But that’s not what got Flynn axed. See, Flynn had his conversation with the Russian ambassador after the election. And apparently, they were texting buddies and stuff. Nothing wrong with that, actually. The problem is that there are several law enforcement and intelligence reports that say Flynn talked sanctions. Why is that problematic? Because Flynn was still a private citizen, and he was not authorized to speak on behalf of the U.S. government — Obama was still president.
The bigger problem, though, was that Flynn allegedly lied to the Vice President about what was discussed. And possibly the President. And even FBI investigators — and lying to law enforcement is a straight-up crime. VP Pence was pissed because he went on TV and defended Flynn. Trump was…well, we’ve had numerous different reports on his opinion on the matter.
Anyway, none of this would’ve come to light without journalists working their sources and getting the information out there. It seems as though the Trump Administration might’ve kept Flynn on had the story not leaked. Which is weird.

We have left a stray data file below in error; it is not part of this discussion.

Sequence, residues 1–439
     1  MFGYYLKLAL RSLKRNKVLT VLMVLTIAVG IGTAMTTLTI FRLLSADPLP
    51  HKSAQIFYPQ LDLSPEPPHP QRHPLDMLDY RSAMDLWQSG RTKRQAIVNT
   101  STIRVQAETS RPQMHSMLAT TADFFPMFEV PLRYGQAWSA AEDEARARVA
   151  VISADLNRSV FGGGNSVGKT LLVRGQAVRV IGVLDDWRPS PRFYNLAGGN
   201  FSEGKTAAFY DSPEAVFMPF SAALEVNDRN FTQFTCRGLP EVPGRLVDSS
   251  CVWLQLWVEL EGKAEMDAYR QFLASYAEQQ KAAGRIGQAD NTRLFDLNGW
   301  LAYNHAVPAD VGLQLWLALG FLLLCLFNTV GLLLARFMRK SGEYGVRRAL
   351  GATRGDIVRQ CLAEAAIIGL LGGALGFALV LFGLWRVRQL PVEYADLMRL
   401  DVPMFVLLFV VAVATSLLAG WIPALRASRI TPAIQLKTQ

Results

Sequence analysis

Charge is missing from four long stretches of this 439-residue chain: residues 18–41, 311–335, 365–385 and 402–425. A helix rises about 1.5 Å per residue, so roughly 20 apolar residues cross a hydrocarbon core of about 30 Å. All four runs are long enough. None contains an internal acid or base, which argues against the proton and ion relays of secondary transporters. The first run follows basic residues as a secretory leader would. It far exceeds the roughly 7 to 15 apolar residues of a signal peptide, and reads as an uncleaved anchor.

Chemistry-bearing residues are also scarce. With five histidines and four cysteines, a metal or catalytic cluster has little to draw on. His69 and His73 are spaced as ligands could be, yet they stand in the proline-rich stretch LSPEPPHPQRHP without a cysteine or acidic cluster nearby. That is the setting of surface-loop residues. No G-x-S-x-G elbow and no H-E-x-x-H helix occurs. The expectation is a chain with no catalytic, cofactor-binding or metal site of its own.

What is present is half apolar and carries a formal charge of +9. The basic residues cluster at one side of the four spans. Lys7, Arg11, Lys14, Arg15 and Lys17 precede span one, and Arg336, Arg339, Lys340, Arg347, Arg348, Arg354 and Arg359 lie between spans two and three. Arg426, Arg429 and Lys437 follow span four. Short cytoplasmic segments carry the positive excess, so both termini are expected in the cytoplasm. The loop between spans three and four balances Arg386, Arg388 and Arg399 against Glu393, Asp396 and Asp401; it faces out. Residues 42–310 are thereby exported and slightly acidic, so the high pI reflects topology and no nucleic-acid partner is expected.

Leaks: Indeed, Trump seems far angrier about the leaks in his ship than in Flynn’s falsehoods to the VP and possibly the FBI. He’s blaming the IC for leaking classified information to reporters, claiming it’s a political witch-hunt, etc. Very typical Trump bloviating.
Two things here: Did the IC actually leak this information? And is that a crime?
The vast majority of the IC — which consists of the CIA, NSA, DIA and any number of military and civilian agencies, as well as the FBI — consists of career intelligence officers. In many ways, they operate like a news agency, just with much, much better resources, like satellites and the ability to tap into communications around the globe. Their job is to gather information, analyze it, and present it to policymakers like the President and Congress.
That’s the key here: The IC has an audience. Those reports don’t simply stay put, or just land on the President’s desk. There are hundreds of mid- to high-level officials outside the IC who have clearance to view their reports. We’re talking folks at State, Justice, even the Energy Department. In addition, senators and congressmen — and some of their staffers! — likewise receive reports from the IC on a regular or ad hoc basis.